Originally Posted by fjhuerta
It's not a straight line, it's an impedance plot. "LOL". An impedance plot is defined by the copper in the motor, magnet strength, number of windings in the coil, weight of the diaphragm and other variables. I'm no expert by any means, but I've worked with impedance plots on speakers for 7 years. I'd be very, very surprised if the same engineering principles apply to headphones. I find it striking that two different headphones, one at $80 and the other at $400 would share the exact same impedance plot.
As an example, here's a Sennheiser HD-800 vs. the HD-600 vs. the HD-700 impedance plots. Do they seem similar to you?
A $1,499 vs. a $999 vs. a $400 headphone. THIS is what I expect to see from a different motor on a headphone driver. It's obvious Sennheiser isn't rebranding their own motors and slapping them on every different headphone they build.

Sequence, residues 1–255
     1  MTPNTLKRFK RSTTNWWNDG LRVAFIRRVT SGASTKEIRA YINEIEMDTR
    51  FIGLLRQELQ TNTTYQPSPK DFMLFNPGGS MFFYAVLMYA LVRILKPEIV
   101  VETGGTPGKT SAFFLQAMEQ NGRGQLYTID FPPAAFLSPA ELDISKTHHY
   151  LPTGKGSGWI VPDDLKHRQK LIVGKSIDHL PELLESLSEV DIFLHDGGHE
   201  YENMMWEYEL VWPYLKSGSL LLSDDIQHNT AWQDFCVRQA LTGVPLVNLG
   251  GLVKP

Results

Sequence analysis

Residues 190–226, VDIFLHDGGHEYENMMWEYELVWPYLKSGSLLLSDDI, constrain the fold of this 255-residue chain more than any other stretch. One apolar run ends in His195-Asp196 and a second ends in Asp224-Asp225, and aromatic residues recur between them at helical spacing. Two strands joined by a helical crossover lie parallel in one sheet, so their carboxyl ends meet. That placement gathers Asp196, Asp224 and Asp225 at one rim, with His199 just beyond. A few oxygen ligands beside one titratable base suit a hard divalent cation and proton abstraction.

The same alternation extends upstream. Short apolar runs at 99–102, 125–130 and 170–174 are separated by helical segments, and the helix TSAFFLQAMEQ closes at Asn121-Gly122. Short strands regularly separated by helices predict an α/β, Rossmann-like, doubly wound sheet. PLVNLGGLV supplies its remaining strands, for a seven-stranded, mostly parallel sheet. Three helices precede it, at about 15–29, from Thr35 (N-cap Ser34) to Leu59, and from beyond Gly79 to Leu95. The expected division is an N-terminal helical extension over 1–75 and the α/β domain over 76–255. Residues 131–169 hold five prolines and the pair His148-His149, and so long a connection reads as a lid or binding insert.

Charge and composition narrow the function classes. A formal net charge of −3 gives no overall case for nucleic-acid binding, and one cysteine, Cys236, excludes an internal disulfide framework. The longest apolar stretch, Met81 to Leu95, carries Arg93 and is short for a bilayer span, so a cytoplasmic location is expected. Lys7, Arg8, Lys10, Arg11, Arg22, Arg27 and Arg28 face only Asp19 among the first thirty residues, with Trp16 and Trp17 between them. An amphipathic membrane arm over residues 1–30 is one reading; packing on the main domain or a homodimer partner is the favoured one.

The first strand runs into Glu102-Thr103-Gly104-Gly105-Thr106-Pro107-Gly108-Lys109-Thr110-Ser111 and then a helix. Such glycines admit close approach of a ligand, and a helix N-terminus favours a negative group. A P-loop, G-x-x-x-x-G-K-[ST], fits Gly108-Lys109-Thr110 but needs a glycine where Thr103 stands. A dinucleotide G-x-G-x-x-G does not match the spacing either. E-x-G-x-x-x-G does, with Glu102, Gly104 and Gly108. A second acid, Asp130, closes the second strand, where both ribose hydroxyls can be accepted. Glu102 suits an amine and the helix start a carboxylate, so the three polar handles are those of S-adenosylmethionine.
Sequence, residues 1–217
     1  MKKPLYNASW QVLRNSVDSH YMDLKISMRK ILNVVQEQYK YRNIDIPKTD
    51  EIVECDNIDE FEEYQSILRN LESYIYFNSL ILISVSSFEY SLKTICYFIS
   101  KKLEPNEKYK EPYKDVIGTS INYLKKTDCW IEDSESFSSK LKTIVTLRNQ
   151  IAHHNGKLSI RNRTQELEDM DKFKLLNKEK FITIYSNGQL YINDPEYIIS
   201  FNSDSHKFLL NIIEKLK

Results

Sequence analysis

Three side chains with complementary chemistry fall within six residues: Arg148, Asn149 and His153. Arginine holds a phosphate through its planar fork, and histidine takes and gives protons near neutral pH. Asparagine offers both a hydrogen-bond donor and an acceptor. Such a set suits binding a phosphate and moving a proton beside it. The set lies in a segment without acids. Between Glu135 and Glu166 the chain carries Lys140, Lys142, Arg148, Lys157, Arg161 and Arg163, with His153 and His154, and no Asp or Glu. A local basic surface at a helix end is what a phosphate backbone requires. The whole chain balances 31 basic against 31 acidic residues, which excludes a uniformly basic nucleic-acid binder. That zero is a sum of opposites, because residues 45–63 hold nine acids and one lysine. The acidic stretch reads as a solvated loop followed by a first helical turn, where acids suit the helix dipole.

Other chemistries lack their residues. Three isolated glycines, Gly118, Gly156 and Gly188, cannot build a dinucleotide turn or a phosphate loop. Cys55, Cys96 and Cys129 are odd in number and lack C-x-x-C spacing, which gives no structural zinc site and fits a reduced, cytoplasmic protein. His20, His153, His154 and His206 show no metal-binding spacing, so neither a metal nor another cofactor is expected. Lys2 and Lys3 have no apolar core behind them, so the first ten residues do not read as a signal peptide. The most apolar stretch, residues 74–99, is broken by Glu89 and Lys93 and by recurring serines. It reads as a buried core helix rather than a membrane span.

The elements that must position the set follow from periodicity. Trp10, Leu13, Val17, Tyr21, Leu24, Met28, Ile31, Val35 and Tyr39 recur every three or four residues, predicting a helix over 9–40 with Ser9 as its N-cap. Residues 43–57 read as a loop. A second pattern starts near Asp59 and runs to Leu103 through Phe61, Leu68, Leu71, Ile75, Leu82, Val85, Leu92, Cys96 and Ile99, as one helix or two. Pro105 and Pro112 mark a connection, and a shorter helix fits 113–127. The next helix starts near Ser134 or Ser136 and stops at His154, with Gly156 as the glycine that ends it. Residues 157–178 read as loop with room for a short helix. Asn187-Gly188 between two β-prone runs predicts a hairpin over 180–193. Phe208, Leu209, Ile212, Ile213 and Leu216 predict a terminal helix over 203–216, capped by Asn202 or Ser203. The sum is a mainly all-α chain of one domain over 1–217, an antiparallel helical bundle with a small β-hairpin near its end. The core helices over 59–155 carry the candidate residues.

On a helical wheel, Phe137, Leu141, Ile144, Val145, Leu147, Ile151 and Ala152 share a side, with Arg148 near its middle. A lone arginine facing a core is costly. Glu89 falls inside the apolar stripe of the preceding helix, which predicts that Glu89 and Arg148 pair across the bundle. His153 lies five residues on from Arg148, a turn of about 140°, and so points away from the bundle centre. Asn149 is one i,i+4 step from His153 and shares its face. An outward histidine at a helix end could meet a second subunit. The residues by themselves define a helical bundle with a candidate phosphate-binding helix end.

If I remember correctly there was some talk of the HD 700 and HD 650 actually using the same motor/driver though.
I don't think the "rebranding scandal" argument needs to exist (I've seen it play in computer forums - it's a lot of drama over nothing that can be changed).
As far as similarity to speaker drivers - it's closer than a lot of people would think. But you can't use a straight cone tweeter as a headphone driver (this was tried in the 1970s - it sounds *awful* (like unless you have an afternoon and some brewskis to kill, I wouldn't bother even attempting it - it's that bad)).